The advice is basic, but relevant. Let the project, but the star instead of the portfolio. Let the colors of the images from your design be the main focus rather than making the website background or supporting elements the highlight.

Whether designing your website or print portfolio always use muted tones and minimal supplementary elements. Let the project images and feature sections stand out so employees can scan the portfolio as they determine where to start.


Promoting Your Portfolio

The final part of your portfolio is the art of promoting yourself. You can have a wonderful portfolio, but if nobody knows about it you'll never get your dream job.


Directories, Networking and Community Building

Earlier we spoke of online communities and directories. Use these to build your audiences. Websites like LinkedIn and other niche sites specific to the construction and design industry can be to your benefit.

Employers do search these sites when looking for the best potential workers. You can provide the most important information about yourself that will make you appealing with a quick glance. From each location link to your online portfolio so they can get just a hint of what you're about on the directory and find out the full amount on your own website.

Work to build your connections in the industry on community sites. The more connections you have the more potential for making a connection that will turn into a dream job. In the professional world it only takes one serendipitous moment to find happiness. Encourage these moments by building your networks.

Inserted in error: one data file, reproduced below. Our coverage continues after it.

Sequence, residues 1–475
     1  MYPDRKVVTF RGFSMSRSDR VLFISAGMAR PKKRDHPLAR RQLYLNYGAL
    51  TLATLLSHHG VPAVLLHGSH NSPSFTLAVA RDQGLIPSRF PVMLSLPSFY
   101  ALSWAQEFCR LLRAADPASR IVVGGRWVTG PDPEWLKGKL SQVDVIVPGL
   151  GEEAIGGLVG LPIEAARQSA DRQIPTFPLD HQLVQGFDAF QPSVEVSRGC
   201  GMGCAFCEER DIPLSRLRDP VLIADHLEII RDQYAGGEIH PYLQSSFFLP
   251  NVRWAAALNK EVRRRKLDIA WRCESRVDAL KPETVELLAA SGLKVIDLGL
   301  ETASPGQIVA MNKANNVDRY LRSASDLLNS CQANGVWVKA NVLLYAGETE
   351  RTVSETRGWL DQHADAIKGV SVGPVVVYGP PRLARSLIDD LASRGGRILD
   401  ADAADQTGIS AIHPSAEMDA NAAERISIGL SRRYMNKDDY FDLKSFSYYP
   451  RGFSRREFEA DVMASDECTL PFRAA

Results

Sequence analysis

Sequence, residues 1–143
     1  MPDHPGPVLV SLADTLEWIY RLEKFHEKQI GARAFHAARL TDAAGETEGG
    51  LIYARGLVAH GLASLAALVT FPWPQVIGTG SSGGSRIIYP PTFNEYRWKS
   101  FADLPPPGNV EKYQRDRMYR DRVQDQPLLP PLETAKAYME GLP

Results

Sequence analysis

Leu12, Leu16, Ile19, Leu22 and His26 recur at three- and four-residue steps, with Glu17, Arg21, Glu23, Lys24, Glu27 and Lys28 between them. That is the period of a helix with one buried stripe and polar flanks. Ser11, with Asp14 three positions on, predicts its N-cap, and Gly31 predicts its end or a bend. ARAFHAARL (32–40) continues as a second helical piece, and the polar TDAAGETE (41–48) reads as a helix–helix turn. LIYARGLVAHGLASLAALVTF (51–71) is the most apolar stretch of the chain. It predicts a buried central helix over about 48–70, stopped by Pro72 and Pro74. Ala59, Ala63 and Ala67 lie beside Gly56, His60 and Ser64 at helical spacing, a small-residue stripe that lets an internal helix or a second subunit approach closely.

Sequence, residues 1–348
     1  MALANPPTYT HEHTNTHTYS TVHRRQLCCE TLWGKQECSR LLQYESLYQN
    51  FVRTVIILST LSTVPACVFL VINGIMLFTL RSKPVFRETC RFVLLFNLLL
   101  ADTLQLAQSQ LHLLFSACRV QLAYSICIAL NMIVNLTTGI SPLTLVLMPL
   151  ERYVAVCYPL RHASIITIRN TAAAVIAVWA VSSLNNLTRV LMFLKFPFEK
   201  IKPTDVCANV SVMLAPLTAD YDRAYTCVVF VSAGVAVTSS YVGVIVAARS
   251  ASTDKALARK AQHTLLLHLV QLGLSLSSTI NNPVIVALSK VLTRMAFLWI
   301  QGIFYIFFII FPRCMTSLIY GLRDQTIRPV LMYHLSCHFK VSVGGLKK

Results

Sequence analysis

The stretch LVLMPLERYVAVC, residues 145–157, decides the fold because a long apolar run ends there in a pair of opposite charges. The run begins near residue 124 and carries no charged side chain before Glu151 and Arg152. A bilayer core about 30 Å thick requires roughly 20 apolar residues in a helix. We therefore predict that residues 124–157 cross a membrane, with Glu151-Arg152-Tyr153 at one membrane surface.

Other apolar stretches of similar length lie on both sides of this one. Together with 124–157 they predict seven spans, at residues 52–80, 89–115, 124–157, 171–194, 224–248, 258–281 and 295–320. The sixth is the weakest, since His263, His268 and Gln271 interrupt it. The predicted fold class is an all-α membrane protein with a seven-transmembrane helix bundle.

Media and Public Relations

Another avenue available to anyone today is the media and public relations. Services like HARO are available that connection professionals and experts with reporters and other media sources. By building connections in the media and providing quotes and insight you can build your profile.

The more exposure you have the better chance you'll have to find the job you want. Potential employers are reading all the industry literature and they're watching many of the videos as well.


The Living Architecture Portfolio

The main take away from this article is that your architecture portfolio is a living, breathing being. You want to always keep it maintained and updated so potential employers can see the latest success case studies from your list of accomplishments.

An online portfolio is easier to manage in this nature. You have the opportunity to create your own website that you can frequently update and maintain. By keeping your own website you'll stand out as someone committed to excellent work and not just the most basic of work presentations.




We want to hear from you.

What are your experiences with architecture portfolios?